Such inconsistency – what reporters and opinion writers alike are openly describing as "cynical realpolitik" – will inevitably cause permanent damage to the United States' standing in the new Middle East.
Mr. Obama's speech did nothing to address the inconsistencies in America's response to the so-called "Arab Spring".
And at the meeting of "allies" behind the no-fly zone in London, secretary of state Clinton's declaration that, "it is obvious to everyone that Gaddafi has lost the legitimacy to lead" betrayed irony and hypocrisy in equal measure, since by any reasonable definition of "legitimate" few if any leaders in the Arab world have "legitimacy to lead".
At the same time, by refusing to become a party to the International Criminal Court, the United States undermines the legitimacy of the ICC as a venue for trying Gaddafi for crimes against his people, as allies like Britain have suggested.
Overall, it seems that the United States is still playing by a now outdated script, in which adversaries can be invaded for actions which friends are allowed to continue more or less with impunity. That is no way to run a 21st century foreign policy.
In our frequent travels across the region, we have heard repeatedly from activists and ordinary people alike that they cannot accept American military intervention in one country and acquiescence and perhaps tacit support for crackdowns in others.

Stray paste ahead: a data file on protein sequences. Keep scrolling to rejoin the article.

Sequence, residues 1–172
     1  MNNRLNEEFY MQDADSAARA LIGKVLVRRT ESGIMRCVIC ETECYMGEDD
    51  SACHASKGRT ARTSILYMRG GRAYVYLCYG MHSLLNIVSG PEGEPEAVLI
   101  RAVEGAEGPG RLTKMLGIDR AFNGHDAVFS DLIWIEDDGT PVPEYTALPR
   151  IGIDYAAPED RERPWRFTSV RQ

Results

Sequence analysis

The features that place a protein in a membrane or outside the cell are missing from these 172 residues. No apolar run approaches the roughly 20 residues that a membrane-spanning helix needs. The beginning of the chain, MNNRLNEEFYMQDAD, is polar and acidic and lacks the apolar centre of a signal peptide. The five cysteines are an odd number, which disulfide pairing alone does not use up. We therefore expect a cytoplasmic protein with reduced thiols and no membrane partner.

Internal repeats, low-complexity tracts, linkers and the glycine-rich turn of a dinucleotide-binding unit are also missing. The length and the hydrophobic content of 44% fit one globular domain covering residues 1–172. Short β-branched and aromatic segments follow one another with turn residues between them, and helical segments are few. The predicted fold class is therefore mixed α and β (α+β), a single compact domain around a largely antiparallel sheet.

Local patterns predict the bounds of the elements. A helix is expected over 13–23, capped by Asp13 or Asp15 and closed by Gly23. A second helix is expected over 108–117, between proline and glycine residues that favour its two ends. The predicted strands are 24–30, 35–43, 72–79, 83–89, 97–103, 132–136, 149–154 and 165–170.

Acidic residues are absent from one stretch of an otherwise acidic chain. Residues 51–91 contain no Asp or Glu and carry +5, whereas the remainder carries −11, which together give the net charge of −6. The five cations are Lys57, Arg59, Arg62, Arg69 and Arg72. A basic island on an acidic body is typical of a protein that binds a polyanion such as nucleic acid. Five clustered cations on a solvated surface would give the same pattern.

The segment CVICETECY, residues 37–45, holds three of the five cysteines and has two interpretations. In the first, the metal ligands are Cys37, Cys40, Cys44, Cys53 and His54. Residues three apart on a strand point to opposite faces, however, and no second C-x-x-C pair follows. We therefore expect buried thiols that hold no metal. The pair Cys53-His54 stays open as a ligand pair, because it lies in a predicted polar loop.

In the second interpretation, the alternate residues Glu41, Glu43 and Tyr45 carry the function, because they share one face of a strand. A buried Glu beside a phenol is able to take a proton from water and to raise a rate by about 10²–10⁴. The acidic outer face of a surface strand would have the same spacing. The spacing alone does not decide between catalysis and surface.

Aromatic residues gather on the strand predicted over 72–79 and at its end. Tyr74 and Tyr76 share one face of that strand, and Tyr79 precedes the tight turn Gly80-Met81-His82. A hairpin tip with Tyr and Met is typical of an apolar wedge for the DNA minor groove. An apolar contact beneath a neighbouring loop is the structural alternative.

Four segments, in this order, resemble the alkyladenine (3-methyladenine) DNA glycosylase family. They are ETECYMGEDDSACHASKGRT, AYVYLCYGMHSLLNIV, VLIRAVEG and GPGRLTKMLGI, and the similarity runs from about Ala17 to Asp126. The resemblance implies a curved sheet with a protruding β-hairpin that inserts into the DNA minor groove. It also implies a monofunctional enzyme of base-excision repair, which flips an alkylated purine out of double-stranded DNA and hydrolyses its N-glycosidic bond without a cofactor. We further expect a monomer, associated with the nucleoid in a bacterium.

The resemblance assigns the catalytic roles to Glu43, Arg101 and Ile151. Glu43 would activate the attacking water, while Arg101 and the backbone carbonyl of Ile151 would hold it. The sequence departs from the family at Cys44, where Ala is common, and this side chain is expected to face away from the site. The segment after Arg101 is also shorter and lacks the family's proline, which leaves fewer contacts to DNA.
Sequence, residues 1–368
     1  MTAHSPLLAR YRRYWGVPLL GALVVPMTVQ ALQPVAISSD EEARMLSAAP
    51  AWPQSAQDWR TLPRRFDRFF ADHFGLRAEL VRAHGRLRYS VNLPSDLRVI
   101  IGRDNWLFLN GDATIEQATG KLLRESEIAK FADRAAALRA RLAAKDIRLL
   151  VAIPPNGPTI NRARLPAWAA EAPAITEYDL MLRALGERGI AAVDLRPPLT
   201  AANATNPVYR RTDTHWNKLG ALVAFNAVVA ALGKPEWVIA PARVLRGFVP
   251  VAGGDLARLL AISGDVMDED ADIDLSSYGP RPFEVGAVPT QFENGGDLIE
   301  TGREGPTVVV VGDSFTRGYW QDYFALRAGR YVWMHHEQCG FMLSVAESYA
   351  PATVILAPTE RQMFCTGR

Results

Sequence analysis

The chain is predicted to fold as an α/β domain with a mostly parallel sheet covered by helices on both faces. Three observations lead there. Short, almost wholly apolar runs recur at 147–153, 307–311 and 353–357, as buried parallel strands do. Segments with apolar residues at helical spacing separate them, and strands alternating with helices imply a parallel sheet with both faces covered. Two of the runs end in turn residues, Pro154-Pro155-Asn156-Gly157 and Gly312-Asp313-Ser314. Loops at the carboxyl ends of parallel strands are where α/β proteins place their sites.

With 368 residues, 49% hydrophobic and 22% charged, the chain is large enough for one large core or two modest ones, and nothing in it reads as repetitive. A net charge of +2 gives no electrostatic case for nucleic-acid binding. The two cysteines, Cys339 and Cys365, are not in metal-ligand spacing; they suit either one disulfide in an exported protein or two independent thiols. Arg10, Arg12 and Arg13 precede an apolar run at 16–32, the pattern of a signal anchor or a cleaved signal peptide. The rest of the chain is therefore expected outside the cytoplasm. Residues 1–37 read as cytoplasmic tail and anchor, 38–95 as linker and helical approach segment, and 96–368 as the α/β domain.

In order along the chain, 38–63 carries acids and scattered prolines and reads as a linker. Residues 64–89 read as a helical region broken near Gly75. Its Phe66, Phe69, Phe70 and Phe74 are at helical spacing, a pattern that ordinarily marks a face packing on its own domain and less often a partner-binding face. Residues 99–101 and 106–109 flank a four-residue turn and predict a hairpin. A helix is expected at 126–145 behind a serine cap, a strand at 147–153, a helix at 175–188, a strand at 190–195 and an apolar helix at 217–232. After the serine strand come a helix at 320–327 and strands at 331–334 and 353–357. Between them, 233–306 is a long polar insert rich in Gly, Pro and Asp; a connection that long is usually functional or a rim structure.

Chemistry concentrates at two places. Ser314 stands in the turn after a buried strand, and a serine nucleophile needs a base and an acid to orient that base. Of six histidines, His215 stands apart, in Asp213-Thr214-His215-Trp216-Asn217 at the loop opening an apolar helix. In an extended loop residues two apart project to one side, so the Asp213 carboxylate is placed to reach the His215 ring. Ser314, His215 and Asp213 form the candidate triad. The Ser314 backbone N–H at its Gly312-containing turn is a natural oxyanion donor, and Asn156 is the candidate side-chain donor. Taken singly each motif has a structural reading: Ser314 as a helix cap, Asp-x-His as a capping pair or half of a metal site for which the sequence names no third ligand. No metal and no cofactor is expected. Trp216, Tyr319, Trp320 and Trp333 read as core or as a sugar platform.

Activists in Egypt wait in vain, as Clinton was pointedly told in Cairo in her recent trip, for the US to speak up about the continuation of arbitrary arrests, imprisonment, torture, and emergency rule.
The Shia (as well as their Sunni compatriots) who are struggling for democracy in Bahrain are waiting for some recognition from the United States of the legitimacy of their demands.
The people of Yemen are waiting for the US to stop supporting an unpopular authoritarian president in the name of national security, as are their neighbours to the north, in Saudi Arabia.
Even as those concerned about humanitarian suffering in Libya have cause to hope that the US-led intervention will continue to prevent a major bloodbath, time is quickly running out for US policy more broadly.
The legacy of the Obama administration, and the position of the United States in the world, depend in good measure on whether American foreign policy can align with the peoples of the region and their fundamental human and political rights, which are a far surer guarantor of America's long-term national security than military or petroleum alliances with venal and autocratic leaders.
And whatever his actions in Libya, it seems that Mr. Obama has yet to grasp this very basic fact.
Reza Aslan is founder of AslanMedia.com and author of No god but God: The Origins, Evolution, and Future of Islam.
Mark LeVine is a professor of history at the University of California, Irvine and author, most recently, of Heavy Metal Islam: Rock, Resistance, and the Struggle for the Soul of Islam (Random House 2008) and Impossible Peace: Israel/Palestine Since 1989 (Zed Books, 2009).
The views expressed in this article are the author's own and do not necessarily reflect Al Jazeera's editorial policy.